Plant Light Science — The 2 Minute Version
Finding the right grow light for your needs can be a bewildering and frustrating experience. It doesn’t have to be that way.
We start from a few simple facts about how all plants use light:
- All light is made up of photons. Photons are the fundamental “packets” of light energy. This is true whether we’re talking about sunlight or light from a grow lamp.
- Plants convert photons of light into the energy they need to grow. That’s photosynthesis — photons land on leaves and are converted to sugars that feed the plant.
- Different plants need more or less photons each day for strong growth. A tomato plant needs a lot of photons to grow and fruit. Mint needs many fewer photons. That’s why one needs full sun outdoors and the other will grow in part-shade.
The Magic Number for Selecting a Grow Light: DLI
DLI (Daily Light Integral) is the standard measurement of light for professional indoor growers. Yet it’s quite poorly understood in the amateur community. We’re stuck with vague terms like “full sun” or “partial shade” — which mean nothing very much for indoor growing.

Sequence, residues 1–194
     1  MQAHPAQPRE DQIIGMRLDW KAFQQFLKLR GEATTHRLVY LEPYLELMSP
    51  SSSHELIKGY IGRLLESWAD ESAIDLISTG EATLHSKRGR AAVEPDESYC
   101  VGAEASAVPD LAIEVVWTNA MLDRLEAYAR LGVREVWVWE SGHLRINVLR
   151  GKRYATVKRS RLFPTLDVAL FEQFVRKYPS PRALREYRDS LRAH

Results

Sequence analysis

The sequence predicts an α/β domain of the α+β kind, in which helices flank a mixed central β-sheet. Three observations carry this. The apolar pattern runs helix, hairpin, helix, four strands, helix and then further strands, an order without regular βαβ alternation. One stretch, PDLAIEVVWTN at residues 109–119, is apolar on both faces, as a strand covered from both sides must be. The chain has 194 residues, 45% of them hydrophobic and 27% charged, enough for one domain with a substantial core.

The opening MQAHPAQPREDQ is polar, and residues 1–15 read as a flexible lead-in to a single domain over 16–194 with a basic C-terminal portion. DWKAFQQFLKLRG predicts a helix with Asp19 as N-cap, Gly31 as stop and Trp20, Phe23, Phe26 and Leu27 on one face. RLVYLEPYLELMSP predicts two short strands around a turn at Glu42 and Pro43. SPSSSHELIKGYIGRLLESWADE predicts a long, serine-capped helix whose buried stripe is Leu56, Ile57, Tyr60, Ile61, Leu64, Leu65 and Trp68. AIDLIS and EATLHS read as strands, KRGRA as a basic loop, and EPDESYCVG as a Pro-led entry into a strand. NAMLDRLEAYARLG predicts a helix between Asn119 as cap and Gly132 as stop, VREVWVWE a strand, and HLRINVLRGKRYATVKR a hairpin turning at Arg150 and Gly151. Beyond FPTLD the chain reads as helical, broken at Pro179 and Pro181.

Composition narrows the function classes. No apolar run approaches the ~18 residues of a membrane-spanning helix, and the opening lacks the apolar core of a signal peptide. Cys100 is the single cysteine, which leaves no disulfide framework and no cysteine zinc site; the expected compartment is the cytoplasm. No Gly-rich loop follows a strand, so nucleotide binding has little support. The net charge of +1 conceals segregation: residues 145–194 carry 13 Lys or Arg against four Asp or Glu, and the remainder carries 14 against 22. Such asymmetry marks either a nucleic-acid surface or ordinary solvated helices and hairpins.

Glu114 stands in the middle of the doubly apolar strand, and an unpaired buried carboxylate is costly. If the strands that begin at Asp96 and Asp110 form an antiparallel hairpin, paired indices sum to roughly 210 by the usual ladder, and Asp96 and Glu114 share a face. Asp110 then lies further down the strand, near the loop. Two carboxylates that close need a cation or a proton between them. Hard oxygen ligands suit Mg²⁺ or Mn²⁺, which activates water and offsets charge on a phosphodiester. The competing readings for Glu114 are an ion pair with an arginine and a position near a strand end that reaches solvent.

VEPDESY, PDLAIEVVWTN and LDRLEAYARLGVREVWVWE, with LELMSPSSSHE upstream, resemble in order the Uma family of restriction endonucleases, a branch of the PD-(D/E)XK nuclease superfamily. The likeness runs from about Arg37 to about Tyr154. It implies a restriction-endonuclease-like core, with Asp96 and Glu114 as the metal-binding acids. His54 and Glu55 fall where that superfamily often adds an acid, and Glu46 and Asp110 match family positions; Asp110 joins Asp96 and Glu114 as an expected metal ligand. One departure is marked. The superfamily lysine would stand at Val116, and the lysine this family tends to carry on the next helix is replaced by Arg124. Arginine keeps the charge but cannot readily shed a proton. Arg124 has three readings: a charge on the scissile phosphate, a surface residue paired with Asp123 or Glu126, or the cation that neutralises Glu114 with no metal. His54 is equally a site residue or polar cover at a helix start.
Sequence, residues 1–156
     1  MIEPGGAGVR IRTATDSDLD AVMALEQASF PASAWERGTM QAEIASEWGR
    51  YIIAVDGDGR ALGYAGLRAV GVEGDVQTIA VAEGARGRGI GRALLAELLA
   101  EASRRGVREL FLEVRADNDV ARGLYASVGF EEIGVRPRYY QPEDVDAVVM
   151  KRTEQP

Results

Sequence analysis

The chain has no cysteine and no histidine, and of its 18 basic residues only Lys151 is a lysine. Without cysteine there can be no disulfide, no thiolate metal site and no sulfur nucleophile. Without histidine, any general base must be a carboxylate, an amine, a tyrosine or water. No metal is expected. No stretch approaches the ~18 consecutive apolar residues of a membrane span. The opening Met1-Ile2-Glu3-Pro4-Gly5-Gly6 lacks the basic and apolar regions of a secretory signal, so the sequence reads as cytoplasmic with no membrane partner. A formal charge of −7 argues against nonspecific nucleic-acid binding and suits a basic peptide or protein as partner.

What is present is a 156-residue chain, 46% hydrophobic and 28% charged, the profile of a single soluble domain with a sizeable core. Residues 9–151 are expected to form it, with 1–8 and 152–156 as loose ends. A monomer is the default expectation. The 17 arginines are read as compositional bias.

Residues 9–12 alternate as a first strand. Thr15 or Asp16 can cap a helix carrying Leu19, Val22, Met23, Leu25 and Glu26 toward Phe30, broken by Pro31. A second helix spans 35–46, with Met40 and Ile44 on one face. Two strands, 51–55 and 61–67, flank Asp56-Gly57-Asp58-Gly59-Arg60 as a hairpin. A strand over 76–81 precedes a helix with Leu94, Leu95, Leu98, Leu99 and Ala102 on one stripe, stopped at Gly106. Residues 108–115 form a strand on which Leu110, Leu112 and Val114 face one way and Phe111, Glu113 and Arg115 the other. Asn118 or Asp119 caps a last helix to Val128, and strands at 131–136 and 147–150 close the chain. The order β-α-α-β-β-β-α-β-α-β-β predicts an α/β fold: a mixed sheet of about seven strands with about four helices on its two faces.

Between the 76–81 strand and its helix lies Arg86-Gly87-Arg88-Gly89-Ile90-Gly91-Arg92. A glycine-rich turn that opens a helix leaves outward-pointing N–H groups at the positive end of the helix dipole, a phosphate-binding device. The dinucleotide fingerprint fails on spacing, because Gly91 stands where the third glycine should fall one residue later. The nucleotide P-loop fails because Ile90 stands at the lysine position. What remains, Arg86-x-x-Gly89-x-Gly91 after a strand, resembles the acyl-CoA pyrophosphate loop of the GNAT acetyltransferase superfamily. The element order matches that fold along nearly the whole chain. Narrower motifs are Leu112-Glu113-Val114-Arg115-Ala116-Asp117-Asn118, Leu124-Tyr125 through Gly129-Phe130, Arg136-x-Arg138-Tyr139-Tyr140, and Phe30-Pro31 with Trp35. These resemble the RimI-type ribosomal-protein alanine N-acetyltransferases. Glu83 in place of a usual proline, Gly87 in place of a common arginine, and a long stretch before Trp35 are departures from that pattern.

DLI lets us understand the light requirements of our plants and match them to the right grow light.
DLI literally represents a quantity of photons. DLI tells us the the ideal number of photons a specific plants needs each day so it can thrive.
A lettuce plant will happily grow with a DLI of 12. While hot peppers prefer something closer to 30.
Knowing a plant’s DLI is half of the equation…
Matching a Plant to the Right Grow Light
Now we know that each variety of plant has its own DLI. The next step is to select the light that will deliver that amount of photons over the course of the day.
There are three things that determine the DLI that a grow light delivers to your plants:
- The strength of the grow light.
- The distance from lamp to leaves. Photons spread out as they travel from their source. So a plant placed close to a grow light will receive more photons than one that’s further away.
- The number of hours per day the grow light is switched on for. More hours of light means more photons for the plant.
Distance and hours are easy to measure. Measuring light strength is the tricky bit. Professionals use a device called a PAR meter (aka a quantum meter) to accurately measure plant-useful light. Unfortunately reliable PAR meters aren’t cheap — starting at several hundred dollars.